Pumpkin Patch's annual loss widened by 71 per cent as the indebted children and babywear retailer's revenue sank with store closures and as its international wholesale business struggled.
The Auckland-based company posted a net loss of $15.5 million in the 12 months ended July 31 from $9m a year earlier, it said in a statement. Revenues dropped 11 per cent to $212.4m, and adjusted earnings before interest, taxation, amortisation and depreciation fell 71 per cent to $3.4m, at the top end of guidance.
The directors said the 2016 financial year was the first in a four-year turnaround plan, and "very good progress has been achieved, although this is not immediately apparent from the headline numbers reported." The decline in sales was put down to the fall in its international wholesale business and online channels in the northern hemisphere, which have historically delivered profits.
The directors warned that the business remains over-leveraged and capital constrained, with "our ability to move forward impacted by the lack of available capital for debt reduction and reinvestment." The board's primary focus is described as assessing what options are "realistically available" to address its position, and the company will give earnings guidance with its first-half results, following the Christmas trading period.
Pumpkin Patch's problems are highlighted at the end of the accounts by auditors PwC, who say that if the group is unable to address its capital constraints and comply with bank covenants, "this indicates the existence of material uncertainties that may cast significant doubt over the group's ability to continue as a going concern."
Its debt to lender ANZ Bank New Zealand rose to $46m from $39.1m. The directors have given an undertaking to the bank that it will propose measures to address its capital constraints by October 20. Pumpkin Patch's capital constraints are also highlighted as a "material risk" to the ongoing viability of the business.
A new agreement was signed with ANZ on September 22. This reduces the total facility available to the group to $57m from $60m. Its weighted average interest rate fell to 4.22 per cent from 5.09 per cent.
The full year accounts show Pumpkin Patch breached banking covenants relating to working capital at the start of 2016. A waiver was sought and obtained from ANZ. Unused lines of credit also declined, falling to $18m from $25m.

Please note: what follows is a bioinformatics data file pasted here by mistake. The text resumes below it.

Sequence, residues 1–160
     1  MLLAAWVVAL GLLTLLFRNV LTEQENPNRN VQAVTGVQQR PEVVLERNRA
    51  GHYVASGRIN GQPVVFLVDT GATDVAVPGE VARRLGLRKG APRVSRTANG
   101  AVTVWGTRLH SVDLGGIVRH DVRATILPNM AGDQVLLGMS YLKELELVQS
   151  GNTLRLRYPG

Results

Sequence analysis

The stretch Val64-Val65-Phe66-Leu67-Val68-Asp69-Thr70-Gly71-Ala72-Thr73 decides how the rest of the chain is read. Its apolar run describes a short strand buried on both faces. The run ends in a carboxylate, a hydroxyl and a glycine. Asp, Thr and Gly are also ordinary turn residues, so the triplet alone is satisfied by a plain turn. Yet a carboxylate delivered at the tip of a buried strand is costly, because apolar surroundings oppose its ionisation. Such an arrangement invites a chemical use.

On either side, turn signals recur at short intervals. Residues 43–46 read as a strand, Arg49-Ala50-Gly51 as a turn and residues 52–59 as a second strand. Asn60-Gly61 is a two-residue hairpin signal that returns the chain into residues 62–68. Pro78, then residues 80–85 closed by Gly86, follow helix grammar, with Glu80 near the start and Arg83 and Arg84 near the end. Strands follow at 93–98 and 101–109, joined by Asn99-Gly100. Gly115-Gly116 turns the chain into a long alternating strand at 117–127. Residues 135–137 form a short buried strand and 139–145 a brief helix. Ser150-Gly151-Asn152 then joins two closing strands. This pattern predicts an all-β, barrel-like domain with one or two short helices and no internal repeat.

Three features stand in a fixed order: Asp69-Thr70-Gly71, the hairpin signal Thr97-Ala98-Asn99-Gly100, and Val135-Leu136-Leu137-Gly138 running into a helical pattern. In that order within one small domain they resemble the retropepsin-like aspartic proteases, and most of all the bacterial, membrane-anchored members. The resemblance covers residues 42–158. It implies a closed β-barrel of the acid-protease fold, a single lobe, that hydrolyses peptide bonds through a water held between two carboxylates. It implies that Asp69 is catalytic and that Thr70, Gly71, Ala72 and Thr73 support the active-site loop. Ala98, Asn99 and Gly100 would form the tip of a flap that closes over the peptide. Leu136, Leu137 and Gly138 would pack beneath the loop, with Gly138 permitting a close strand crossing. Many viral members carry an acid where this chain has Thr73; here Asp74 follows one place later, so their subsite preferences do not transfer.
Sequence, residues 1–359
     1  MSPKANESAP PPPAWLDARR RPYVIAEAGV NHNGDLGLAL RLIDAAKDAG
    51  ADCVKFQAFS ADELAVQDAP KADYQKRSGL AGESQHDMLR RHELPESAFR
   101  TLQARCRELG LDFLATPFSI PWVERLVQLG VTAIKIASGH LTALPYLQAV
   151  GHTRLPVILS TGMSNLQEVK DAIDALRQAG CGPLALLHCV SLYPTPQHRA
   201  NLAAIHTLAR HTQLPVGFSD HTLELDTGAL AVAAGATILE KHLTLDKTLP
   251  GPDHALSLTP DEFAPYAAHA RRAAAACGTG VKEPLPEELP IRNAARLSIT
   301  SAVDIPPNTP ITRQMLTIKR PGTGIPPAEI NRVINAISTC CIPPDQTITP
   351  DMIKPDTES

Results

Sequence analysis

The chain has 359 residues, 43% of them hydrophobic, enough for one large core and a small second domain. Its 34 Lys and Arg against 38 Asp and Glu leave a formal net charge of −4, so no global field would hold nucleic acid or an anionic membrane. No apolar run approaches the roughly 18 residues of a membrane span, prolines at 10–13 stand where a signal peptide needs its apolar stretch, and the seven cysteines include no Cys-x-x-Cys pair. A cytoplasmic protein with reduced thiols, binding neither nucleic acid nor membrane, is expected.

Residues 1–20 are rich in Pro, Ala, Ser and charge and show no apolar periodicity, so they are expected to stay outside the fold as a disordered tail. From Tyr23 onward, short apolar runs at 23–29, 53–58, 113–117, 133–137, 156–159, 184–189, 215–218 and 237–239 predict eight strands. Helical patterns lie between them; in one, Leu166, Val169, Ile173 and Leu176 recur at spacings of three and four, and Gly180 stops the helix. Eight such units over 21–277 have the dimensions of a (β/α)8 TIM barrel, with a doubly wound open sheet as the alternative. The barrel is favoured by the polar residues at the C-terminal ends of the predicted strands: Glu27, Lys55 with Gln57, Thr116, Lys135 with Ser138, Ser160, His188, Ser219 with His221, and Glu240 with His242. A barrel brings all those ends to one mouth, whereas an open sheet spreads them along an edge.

The retailer's operations generated a cash outflow of $4.75m in the year, having reported a positive cash flow of $29.6m in 2015. Trade working capital fell to $27.5m from $29.6m.
Capital expenditure was $4m for the year, invested in store refurbishments, technology, and infrastructure. The accounts show the retailer ended the year in its overdraft, with a negative balance of $1m compared to cash at bank of $1.6m the year earlier.
The high value of the New Zealand dollar was also an issue, with about 70 per cent of Pumpkin Patch's revenues derived from Australia, but exchange rates remain "well above the long-run average historically", the company said. This was also labelled as a material risk to earnings.
In June 2016, staff moved from what is termed "excess office space" at 433 East Tamaki Road, with the lease, that runs until 2023, now listed as "onerous". The provision for onerous leases at stores and offices has risen to $3.9m from $1.7m.
Pumpkin Patch closed 12 unprofitable stores in the year, mainly in Australia, and expects more closures over the next two to three years. Sales at stores that haven't been closed in Australia grew by 3 per cent. They were flat in New Zealand.
It now plans to shift its method of selling to customers to online, both direct to customers and through third-parties. Online sales rose 22 per cent in Australia and 5.2 per cent in New Zealand.
The retailer also set out its new international plans. It's established a new franchise partnership in the Middle East which will see it regain space in six malls in the Middle East, and has agreed to a new relationship with a department store that operates in England, Scotland and Wales.
While Pumpkin Patch plans to maintain an online presence in the UK, it is evaluating the cost of maintaining standalone websites in Ireland and the United States.
The shares dropped 8.9 per cent to 8.2 cents today and are down 25 per cent this year.